Thursday, May 20, 2010
The soil humidity sensors are really just two nails placed a certain distance apart in the soil. The Arduino senses an analog value based on the voltage drop from one nail to the other. Low resistance means more humidity in the soil, and thus a smaller voltage drop. Mr. Holt had a good idea to coat the tops of the nails, where the wires are soldered, so that they would both be protected and easily seen by anyone gardening. The readings from the soil have been amazingly consistent with our expectations of the soil dryness.
Posted by Steve Temple at 10:40 AM
Thursday, April 15, 2010
The students completed the final design and fabricated the solar tracking mechanism and sensor station. The station consists of a servo that swivels the panel and housing (black) along an axis concentric to the mounting pole (white). A limit switch was installed to make sure that the panel could be rotated back to a home position when the sun went down. The servo then turns the housing until the switch is pressed and then turns the servo off. The photocell, servo, limit switch, and pv panel wiring is fed down through the mounting pole and then into the sensor station. We installed it in the garden, and it seems to be working just fine. Some adjustments will need to be made because the wires inside the mechanism can sometimes get tangled in the servo motor, causing the solar panel not to return to a home position when the light level is low (night time).
Posted by Steve Temple at 10:28 AM
Monday, March 29, 2010
After having a group discussion about the strengths and weaknesses of every team's prototypes, we decided on fabricating two different designs and then testing to see which device would work best. One device uses a vertical axis to turn a cylindrical mounting for the solar panel, while the other design uses a gear/linkage to turn the panel along a horizontal axis. The teams went to work on the fabrication process and the designs are looking really good. Some students worked on the sensor station mounting board that will secure the micro-controller to the inside of the water proof casing. One student is also finalizing the software for the sensor stations which will include four humidity sensors, and the control routine for the solar tracker. We are getting very close to completion!
The components for powering the irrigation system have all arrived (panels, linear actuators, pillow blocks, charge controller, inverter). The tracking system, designed by one team, will consist of a linear actuator as opposed to a servo. The panels will be mounted on an axel that will swivel between two pillow blocks. The linear actuator will tilt the panels according to the same mechanism used in the sensor stations - two photocells with a small shade divider between them. We anticipate this system of panels will produce more energy than we currently need. That means we can use it to also possibly power a future lighting system and/or webcam for security and monitoring. Future plans also include a small greenhouse, aquaponics and more!
Posted by Steve Temple at 11:01 AM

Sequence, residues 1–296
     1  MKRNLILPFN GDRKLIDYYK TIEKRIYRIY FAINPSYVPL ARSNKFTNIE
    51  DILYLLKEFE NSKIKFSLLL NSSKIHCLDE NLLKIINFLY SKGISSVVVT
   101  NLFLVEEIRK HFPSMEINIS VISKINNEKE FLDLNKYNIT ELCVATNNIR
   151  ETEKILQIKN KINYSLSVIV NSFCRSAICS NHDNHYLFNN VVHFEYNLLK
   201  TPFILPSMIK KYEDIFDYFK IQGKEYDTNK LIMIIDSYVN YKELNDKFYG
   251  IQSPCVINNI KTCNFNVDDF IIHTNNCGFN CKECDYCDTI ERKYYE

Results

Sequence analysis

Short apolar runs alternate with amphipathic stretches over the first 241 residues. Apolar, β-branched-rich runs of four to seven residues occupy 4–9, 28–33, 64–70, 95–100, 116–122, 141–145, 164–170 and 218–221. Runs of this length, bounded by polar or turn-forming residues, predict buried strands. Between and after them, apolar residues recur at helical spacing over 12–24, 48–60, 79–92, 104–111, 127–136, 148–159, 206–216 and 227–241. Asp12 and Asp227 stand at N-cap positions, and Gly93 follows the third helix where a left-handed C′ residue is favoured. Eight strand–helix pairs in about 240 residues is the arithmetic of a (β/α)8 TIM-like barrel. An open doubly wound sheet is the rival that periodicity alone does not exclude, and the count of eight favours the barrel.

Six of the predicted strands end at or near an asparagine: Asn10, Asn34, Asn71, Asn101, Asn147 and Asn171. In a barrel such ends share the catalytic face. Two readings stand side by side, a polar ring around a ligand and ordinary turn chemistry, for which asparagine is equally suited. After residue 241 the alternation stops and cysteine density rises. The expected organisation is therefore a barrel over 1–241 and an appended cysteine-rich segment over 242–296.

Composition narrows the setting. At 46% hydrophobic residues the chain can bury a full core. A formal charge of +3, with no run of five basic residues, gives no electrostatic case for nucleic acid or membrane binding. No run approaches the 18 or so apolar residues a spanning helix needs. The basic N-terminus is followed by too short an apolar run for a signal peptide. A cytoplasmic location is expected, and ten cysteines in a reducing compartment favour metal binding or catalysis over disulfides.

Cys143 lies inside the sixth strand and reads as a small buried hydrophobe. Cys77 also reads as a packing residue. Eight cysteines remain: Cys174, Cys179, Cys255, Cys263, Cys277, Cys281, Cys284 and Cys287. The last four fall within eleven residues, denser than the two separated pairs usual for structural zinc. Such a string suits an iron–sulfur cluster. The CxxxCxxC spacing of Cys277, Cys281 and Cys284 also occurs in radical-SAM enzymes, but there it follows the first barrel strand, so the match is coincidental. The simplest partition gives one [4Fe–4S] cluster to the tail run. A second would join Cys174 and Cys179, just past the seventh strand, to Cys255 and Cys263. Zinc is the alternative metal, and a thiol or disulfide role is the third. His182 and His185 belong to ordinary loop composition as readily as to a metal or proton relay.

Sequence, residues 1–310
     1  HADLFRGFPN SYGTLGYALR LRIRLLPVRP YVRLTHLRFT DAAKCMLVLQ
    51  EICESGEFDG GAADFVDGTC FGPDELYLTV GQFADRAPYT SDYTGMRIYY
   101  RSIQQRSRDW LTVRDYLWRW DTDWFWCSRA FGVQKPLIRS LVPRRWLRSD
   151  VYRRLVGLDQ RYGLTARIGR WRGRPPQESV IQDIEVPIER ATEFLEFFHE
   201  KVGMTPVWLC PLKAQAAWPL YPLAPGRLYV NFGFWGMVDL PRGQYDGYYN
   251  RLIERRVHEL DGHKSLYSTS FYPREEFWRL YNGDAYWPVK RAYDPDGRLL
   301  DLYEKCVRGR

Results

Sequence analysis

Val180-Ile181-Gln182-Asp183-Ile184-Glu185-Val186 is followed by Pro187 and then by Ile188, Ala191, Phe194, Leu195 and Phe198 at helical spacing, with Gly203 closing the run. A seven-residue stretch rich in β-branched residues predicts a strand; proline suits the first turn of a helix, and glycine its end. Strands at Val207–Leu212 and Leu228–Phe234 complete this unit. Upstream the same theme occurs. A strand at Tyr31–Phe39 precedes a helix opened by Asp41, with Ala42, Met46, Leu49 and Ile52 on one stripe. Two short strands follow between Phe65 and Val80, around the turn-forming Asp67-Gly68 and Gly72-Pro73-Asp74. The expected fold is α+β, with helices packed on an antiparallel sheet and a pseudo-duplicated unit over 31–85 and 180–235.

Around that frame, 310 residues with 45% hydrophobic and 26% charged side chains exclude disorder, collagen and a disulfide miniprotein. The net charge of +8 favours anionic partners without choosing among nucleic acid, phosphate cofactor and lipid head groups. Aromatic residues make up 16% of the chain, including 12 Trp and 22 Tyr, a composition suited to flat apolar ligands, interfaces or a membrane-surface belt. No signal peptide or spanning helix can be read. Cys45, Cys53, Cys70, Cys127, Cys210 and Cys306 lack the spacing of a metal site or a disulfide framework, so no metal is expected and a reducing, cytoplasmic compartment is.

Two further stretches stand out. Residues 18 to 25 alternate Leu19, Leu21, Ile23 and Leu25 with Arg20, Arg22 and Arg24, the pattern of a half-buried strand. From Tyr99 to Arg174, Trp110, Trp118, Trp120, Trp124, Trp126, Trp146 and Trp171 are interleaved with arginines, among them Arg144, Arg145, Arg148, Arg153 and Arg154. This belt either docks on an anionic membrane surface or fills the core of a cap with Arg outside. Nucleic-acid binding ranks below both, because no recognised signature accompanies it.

Tuesday, March 9, 2010
Once the students had learned to sense the soil and sunlight for the garden irrigation system, they then began the work of designing a solar tracking system that would be hooked up to the micro-controller so that the entire system could be "off-grid". The students were broken into teams to design different prototypes for the solar tracker. The students are also in the process of learning how to control servos, so once they have the design, they will build the design and program the micro-controller to move the servo so that the solar panel tracks the sun's position. The students will then judge the designs of all the teams and a decision will be made to see which design makes the most sense. So far the designs are looking really good! Nice work teams.
Saturday, January 16, 2010
After a few months of learning some of the fundamentals of the Arduino micro-controller, and also learning some basic circuitry, the students began work on their first programming project: Make a program that senses the moisture, senses the incident light, and then turns on a green LED if the moisture level is ok, and the turns on a red LED if the moisture level is too dry, AND if the incident light is low - we want to turn on the drip system in low light. Many teams were able to write the program and finish the task quickly! Yahoo! The next step is for the students to learn how to send a wireless transmission as opposed to turning LED's on/off. Should be fun!
Posted by Steve Temple at 5:53 PM
The students cut all the pipe for the irrigation, and then hooked it all in to the plenum. They then buried the lines, and they are now ready to add the drip irrigation tubing and the emitters. The plenum is essentially a large tube with eight solenoid valves that feed off from the main line. We are concerned that there just won't be enough pressure in the line to get the valves to open and then more importantly, close again. We may have to either modify the valves, or add a pump to the irrigation system. We shall see...
Posted by Steve Temple at 5:40 PM